Pittsburgh: Everybody knew that Pittsburgh would have one of the better starting lineups in the conference this season, but after two games, the jury is still out on how deep Jamie Dixon’s bench goes. Rider only dressed nine players on Saturday and Pittsburgh still needed to come behind in the second half to win. Ashton Gibbs (22.5 PPG) is going to shoot a lot and will be in contention for the conference’s scoring title. Tray Woodall (52.9 3PT%) seems to have drastically improved his shooting and will be dangerous offensive weapon, and Nasir Robinson and Dante Taylor help form a rugged and experienced frontcourt. But if the Panthers want to contend for the conference crown this season, a lot will depend on the development of roles players like Talib Zanna and freshmen Khem Birch, John Johnson, and Cameron Wright.

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RTC Summer Updates: Big East Conference

Posted by Brian Goodman on July 11th, 2011

With the completion of the NBA Draft and the annual coaching and transfer carousels nearing their ends, RTC is rolling out a new series, RTC Summer Updates, to give you a crash course on each Division I conference during the summer months. Our Big East update comes from frequent RTC contributor Brian Otskey, co-author of Get to the Point.

Readers’ Take

Summer Storylines

  • Connecticut Revels In National Championship Glory: Connecticut’s storybook year continued on into the offseason as the Huskies were invited to the White House for an event with President Obama on May 16. The team presented the president with a #1 UConn jersey and posed for photographs after being lauded for their remarkable accomplishment. Connecticut made one of the most improbable runs ever en route to the third national championship in school history, all coming since 1999, going 23-0 outside of Big East regular season play. Nobody could have predicted the way last season unfolded and the NCAA Tournament as a whole was a microcosm of that. Connecticut’s national title made up for a lackluster performance by many of the record 11 Big East teams participating in the tournament. Only one other Big East team (Marquette) managed to make it to the second weekend’s Sweet 16. Life without Kemba Walker has begun in Storrs and while the Huskies will be among the 2011-12 Big East favorites, it’ll be very interesting to see who steps up and how the team performs without its warrior. Jeremy Lamb appears to be ready to take over but the way Shabazz Napier and Alex Oriakhi handle their larger roles will be the difference between a team contending for a Big East title and one that finishes fourth or fifth.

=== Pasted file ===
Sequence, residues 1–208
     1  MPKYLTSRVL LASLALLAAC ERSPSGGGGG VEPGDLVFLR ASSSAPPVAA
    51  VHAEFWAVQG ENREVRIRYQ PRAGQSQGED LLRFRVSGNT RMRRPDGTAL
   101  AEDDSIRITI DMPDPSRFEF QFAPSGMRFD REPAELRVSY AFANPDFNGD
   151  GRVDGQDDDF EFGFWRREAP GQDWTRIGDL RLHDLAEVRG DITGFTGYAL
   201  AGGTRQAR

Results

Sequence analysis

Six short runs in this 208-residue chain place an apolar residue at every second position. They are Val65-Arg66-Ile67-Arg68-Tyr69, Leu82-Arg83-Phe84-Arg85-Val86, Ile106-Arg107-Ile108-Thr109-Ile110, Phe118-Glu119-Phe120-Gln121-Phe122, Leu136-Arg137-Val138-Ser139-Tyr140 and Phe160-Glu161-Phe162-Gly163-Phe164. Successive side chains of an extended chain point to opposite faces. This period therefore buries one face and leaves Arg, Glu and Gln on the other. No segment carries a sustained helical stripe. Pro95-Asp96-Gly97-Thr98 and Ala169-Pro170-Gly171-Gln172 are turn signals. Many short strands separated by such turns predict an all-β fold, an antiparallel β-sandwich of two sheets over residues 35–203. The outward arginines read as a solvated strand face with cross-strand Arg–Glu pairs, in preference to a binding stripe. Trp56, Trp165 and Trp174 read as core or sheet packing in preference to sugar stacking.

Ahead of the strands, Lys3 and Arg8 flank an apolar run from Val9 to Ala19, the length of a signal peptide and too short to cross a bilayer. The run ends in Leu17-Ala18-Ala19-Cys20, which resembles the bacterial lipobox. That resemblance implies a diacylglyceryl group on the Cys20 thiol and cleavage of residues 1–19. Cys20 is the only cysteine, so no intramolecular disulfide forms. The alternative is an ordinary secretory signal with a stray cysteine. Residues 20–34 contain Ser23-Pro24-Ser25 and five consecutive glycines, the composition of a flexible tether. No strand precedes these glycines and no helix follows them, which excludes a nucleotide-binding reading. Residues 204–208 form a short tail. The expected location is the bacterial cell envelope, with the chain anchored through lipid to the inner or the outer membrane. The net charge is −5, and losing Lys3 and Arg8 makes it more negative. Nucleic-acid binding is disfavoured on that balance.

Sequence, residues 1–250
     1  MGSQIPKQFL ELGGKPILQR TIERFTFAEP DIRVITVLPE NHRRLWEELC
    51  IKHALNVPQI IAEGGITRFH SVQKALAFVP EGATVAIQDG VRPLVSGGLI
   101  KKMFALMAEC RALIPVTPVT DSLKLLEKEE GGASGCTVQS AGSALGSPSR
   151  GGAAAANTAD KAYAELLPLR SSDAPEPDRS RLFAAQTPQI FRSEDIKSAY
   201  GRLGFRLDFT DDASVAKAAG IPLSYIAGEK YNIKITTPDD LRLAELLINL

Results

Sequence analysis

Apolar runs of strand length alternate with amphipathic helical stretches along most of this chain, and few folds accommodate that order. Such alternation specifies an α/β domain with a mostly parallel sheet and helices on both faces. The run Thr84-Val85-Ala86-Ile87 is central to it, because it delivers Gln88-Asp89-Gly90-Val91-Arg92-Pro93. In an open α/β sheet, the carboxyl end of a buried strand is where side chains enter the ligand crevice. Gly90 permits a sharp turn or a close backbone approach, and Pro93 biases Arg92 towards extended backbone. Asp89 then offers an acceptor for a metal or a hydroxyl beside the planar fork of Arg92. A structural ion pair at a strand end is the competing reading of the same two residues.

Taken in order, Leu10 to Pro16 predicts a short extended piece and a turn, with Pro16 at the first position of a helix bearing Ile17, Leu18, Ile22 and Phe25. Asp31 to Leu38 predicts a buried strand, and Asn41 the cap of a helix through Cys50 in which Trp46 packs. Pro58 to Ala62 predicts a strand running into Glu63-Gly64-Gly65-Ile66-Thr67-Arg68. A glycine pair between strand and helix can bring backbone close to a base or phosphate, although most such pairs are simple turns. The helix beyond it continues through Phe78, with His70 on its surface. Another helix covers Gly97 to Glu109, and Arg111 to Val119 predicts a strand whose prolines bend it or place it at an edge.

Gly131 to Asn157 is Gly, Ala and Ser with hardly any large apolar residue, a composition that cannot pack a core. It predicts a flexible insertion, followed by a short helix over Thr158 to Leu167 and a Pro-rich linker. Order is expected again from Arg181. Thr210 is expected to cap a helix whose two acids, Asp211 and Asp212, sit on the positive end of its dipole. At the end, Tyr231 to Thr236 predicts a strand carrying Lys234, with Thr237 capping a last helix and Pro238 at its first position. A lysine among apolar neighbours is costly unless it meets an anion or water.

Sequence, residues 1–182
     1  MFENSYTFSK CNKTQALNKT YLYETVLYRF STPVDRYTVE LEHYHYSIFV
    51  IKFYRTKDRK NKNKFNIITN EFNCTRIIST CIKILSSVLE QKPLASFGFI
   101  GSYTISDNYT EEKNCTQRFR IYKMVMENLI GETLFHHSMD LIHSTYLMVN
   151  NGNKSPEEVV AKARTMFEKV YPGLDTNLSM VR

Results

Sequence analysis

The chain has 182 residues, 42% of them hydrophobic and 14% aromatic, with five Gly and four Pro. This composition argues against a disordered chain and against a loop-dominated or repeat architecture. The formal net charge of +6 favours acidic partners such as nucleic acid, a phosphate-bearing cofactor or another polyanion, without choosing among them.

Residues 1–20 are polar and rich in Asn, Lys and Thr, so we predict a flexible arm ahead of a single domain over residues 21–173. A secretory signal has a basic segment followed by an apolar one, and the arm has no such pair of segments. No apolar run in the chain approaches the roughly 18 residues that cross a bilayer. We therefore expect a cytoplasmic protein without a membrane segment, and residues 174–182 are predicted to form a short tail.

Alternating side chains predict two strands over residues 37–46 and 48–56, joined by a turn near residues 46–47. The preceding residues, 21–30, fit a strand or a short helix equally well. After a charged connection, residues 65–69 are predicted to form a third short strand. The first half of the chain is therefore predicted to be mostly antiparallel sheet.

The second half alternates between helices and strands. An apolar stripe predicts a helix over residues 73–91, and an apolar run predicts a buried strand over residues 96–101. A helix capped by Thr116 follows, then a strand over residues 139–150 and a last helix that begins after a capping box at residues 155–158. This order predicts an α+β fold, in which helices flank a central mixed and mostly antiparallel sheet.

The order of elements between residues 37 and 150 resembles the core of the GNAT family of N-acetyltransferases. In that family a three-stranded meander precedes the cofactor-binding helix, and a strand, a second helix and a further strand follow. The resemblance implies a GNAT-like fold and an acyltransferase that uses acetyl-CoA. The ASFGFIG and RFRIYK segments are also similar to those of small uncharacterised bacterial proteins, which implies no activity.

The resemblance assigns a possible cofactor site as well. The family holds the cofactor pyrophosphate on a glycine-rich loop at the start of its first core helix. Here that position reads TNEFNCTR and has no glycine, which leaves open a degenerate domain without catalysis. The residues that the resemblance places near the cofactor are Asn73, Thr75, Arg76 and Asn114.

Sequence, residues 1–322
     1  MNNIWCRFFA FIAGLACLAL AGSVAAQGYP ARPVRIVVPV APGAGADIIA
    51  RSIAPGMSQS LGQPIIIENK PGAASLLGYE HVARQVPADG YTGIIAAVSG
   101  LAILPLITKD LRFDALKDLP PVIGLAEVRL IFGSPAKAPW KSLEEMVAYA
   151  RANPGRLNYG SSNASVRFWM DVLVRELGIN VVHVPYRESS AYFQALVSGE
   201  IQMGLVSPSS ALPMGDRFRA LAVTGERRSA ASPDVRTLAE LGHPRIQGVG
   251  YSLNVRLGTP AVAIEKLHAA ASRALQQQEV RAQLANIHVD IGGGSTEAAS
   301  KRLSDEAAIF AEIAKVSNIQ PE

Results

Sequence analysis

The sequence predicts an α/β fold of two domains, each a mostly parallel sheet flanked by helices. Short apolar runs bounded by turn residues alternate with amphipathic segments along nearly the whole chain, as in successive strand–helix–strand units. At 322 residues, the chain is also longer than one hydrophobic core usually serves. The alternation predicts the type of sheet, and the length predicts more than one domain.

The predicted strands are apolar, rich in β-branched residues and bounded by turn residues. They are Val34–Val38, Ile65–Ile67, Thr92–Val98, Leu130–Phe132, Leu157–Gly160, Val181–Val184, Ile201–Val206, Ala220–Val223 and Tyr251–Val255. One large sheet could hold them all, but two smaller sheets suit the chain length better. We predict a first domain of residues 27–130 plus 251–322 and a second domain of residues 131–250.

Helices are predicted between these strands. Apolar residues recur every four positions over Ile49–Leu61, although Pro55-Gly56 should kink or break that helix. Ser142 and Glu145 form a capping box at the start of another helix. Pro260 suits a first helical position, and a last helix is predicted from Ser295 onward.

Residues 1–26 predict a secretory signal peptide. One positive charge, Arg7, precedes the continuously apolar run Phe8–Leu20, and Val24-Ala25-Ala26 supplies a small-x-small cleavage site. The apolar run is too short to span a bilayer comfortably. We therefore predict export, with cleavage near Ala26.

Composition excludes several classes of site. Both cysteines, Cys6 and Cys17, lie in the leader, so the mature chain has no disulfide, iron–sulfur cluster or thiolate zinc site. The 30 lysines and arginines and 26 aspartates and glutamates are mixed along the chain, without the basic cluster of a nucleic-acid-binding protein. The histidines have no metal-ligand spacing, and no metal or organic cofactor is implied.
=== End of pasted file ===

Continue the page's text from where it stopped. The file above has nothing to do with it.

Kemba & Co. Celebrated in Style (H-C/B.Hansen)

  • The Ed Cooley Era Begins In Friartown: After Keno Davis stumbled to an 18-36 Big East record over three seasons in Providence, the Friars desperately needed someone to revive their moribund program. Providence has made only two NCAA Tournaments since its 1997 appearance and the last one was eight seasons ago in 2003-04. Enter Ed Cooley, a Providence-born 41-year-old with the fire in his belly needed to succeed in arguably the toughest job in the Big East Conference. Cooley will instill a system of discipline and fundamentals with a special attention to defense, three attributes of successful programs that were sorely lacking under Davis. Cooley’s Fairfield team ranked #22 in the nation in defensive efficiency last season and he improved the Stags’ record each and every year he was there. Providence, a small Catholic school with hardly any recruiting base along with limited facilities and resources, is an incredibly difficult job even before you have to go up against bigger schools like Syracuse, Louisville and Pittsburgh along with tradition-rich programs such as Georgetown, Villanova and Marquette. Cooley must spend his first season laying the foundation for longer term success. He won’t turn this program around overnight but more discipline on and off the court and hard work on the recruiting trail can turn Providence into a solid Big East competitor. We can’t think of many people better suited than Cooley to get the job done at Providence. While it will be a long and difficult process, brighter days are ahead for the Providence program with Ed Cooley at the helm.